"Keep your eye on the ball!" my coach would yell at me from the dugout. Having a habit of swinging with my eyes closed was producing disappointing results. His encouragement still rings in my ears from time to time. One such time was this evening.
Our regular crew had gathered to share needs and concerns as well as to gather around God's Word for a mid-week refill. In the midst of the sharing one gentleman spoke up concerning yet another shot fired in the culture war. I agreed that Christians need to let their voice be heard in this matter. It's fine to send a letter, or make a phone call, or even sign a petition to express your concern. However, this event, and many others like it, are secondary issues to the advancement of the Kingdom of God. In case you missed it, they are secondary.
While I hate that my children will likely grow up in a culture that has, in a short few decades, moved from modesty, courtesy, responsibility, and accountability to debauchery, rudeness, and recklessness I cannot bear the thought of my children inheriting a faith held hostage to secondary pursuits. The culture war is certainly real enough for all of us to acknowledge and I readily agree that there is much at stake. However, I patently disagree with how much of this "war" is being waged. Jesus clearly told His friends that their way was not to be the world's way. "As you know, the kings and great men of the earth lord it over the people; but among you it is different. Whoever wants to be great among you must be your servant. And whoever wants to be greatest of all must be the slave of all. For even I, the Messiah, am not here to be served, but to help others, and to give my life as a ransom for many." (Mark 10:42-45. TLB)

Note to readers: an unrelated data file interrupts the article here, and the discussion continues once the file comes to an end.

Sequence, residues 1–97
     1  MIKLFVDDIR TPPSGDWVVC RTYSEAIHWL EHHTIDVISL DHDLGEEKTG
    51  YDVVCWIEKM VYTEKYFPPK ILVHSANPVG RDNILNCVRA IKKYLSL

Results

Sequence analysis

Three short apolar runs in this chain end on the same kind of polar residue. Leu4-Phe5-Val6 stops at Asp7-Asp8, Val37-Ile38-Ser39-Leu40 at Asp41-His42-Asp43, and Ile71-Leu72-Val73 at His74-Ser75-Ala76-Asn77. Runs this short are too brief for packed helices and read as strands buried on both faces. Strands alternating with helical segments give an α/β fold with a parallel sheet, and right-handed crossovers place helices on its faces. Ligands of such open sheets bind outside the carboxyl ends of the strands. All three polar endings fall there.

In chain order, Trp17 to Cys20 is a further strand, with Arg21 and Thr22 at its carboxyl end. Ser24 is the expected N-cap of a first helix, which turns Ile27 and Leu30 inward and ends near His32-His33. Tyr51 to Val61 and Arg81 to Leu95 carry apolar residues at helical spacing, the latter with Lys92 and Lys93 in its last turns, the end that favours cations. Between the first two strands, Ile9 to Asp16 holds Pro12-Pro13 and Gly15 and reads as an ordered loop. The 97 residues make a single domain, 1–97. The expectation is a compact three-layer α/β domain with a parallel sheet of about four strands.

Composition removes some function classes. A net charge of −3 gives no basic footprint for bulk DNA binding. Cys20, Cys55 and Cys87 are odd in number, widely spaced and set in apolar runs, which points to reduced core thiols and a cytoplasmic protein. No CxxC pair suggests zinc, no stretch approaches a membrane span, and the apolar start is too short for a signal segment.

The primary mission of the believer is not societal preservation but spiritual transformation. It is my firmly held belief that where there is effective spiritual transformation the resolution of societal issues will follow. I am disturbed by the incredible energy individual believers and churches will pour into the societal problem du jour. What if we poured as much energy into developing relationships with the people running the abortion clinics, or the homosexual couple living down the street from us, or the Muslim family that moved to town, or the alcoholic father ruining his family? What difference might that make? The clear mandate for followers of Christ is to proclaim the gospel, not to legislate morality. It is no wonder much of our society is turning a deaf ear to the church. I know I don't listen to negative voices for very long. As I've often said, our society knows what the evangelical church is against, I'm just not sure they know what we're for.
As I read the New Testament I am struck by the absence of boycotts, letter writing campaigns, or election year posturing by the early church. They simply shared their faith with a culture that was increasingly hostile to their message. I don't relish the notion of spending prison time. Neither do I cherish the thought of a martyr's death. Yet these are the very things that were commonplace for Peter, John, Barnabas, and Paul (just to name a few notables). I am equally struck by their single minded dedication to the task of sharing the good news of Christ's substitutionary death for sinners and His triumphant resurrection for believers.
Some guru is noted for saying, "Keep the main thing the main thing." Sharing the good news = primary. Everything else = secondary.